I believe that at least part of the problems are related to some OpenRC update. At some point the "normal" method changed from "modules" to the more systemd-like "modules-load". From what I understand, the new way is less flexible in its ability to pass parameters to the modules, but it's what systemd does, so it must be better.

Anyway, I believe that was when snd_hda_intel and the various lirc-related modules quit loading, so I lost my sound-over-HDMI and remote control. I also suspect that there are two ways to fix - set up the systemd-friendly modules-load for loading the modules, or backtrack on OpenRC.

I know people around here seem to have their favorite versions of OpenRC - I thought the most-preferred was something like 0.17.?, but now I see people liking 0.13.?. Is there a general consensus here about the last good OpenRC? (I used to run separate /usr, but since getting burned on slack-space issues and with the better fragmentation resistance of ext4, I'm pretty much down to /, /boot, swap, and /home these days. So that's not an issue.)

If someone forks OpenRC to get it off of the systemd treadmill, I'm definitely interested, will test, provide feedback, etc.
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PostPosted: Sun Apr 30, 2017 5:57 pm    Post subject: Reply with quote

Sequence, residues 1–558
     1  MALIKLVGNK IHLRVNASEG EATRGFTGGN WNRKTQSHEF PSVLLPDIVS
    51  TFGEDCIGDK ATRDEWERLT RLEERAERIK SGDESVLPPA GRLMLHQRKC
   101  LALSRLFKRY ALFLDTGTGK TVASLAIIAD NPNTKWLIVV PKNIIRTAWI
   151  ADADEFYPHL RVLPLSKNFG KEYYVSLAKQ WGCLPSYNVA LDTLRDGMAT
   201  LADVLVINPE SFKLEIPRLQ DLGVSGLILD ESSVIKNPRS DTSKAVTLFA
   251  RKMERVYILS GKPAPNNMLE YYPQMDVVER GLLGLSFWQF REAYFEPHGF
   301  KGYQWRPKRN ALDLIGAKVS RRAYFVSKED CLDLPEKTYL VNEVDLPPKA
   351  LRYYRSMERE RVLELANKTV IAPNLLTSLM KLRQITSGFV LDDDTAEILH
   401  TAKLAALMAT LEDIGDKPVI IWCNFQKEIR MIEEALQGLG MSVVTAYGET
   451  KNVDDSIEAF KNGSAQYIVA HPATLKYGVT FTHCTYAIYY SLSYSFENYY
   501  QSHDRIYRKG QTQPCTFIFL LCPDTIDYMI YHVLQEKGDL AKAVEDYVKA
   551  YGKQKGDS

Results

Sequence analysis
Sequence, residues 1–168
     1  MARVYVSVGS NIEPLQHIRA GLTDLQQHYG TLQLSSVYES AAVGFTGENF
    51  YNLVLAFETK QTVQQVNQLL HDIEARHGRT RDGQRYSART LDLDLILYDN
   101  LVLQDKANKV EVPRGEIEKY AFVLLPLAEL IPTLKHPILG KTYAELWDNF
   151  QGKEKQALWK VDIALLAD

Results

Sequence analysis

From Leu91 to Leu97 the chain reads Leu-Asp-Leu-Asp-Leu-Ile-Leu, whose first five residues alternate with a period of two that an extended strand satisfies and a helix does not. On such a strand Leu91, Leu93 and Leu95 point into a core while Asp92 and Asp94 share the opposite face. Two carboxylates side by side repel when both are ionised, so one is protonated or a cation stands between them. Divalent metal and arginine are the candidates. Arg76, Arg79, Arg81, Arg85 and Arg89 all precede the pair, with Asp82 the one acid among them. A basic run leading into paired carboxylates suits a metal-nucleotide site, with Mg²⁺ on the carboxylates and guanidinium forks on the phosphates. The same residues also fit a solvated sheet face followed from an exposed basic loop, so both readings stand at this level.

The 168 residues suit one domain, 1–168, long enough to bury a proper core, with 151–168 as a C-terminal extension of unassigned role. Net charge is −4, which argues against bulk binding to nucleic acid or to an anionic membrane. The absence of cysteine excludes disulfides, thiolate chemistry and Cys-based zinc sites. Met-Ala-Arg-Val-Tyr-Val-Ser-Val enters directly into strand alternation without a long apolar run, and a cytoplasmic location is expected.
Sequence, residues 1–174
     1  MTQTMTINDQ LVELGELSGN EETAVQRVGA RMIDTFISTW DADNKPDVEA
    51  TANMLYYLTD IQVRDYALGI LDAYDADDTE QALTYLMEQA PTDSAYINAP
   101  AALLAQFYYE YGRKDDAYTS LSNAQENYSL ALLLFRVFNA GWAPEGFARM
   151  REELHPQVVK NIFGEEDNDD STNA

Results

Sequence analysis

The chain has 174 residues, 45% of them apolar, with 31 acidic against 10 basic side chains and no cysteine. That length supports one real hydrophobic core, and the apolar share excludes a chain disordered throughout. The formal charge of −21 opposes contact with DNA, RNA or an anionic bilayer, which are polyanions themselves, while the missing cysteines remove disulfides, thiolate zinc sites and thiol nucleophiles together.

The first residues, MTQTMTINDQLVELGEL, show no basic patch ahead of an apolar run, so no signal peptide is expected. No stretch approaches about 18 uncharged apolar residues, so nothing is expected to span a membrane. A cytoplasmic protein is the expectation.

depontius wrote:
If someone forks OpenRC to get it off of the systemd treadmill, I'm definitely interested, will test, provide feedback, etc.

why stay with openrc, if we don't agree with what it is now and/or where it is going? there seem to be better (smaller + more efficient) alternate init systems - sinit, runit, s6, shepherd, etc.. can we use any of them seamlessly in gentoo?

i had a run in with runit on gentoo, and was almost happy before i gave it up and am back on openrc stable.
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PostPosted: Mon May 08, 2017 7:58 pm    Post subject: Reply with quote

ct85711 wrote:
Quote:
A question. I've noticed that gentoo has done away with the Changelog, any idea of the reason.
The changelog isn't really gone, all that happen is that they got rid of a redundant file when git has a more comprehensive changelog built in (to where devs can't hide that they modified the ebuild but not bother to update an external file that may not be fully accurate). Now the changelog (built into git) contains a lot more information telling you what files was modified and also the actual changes done to the ebuild files.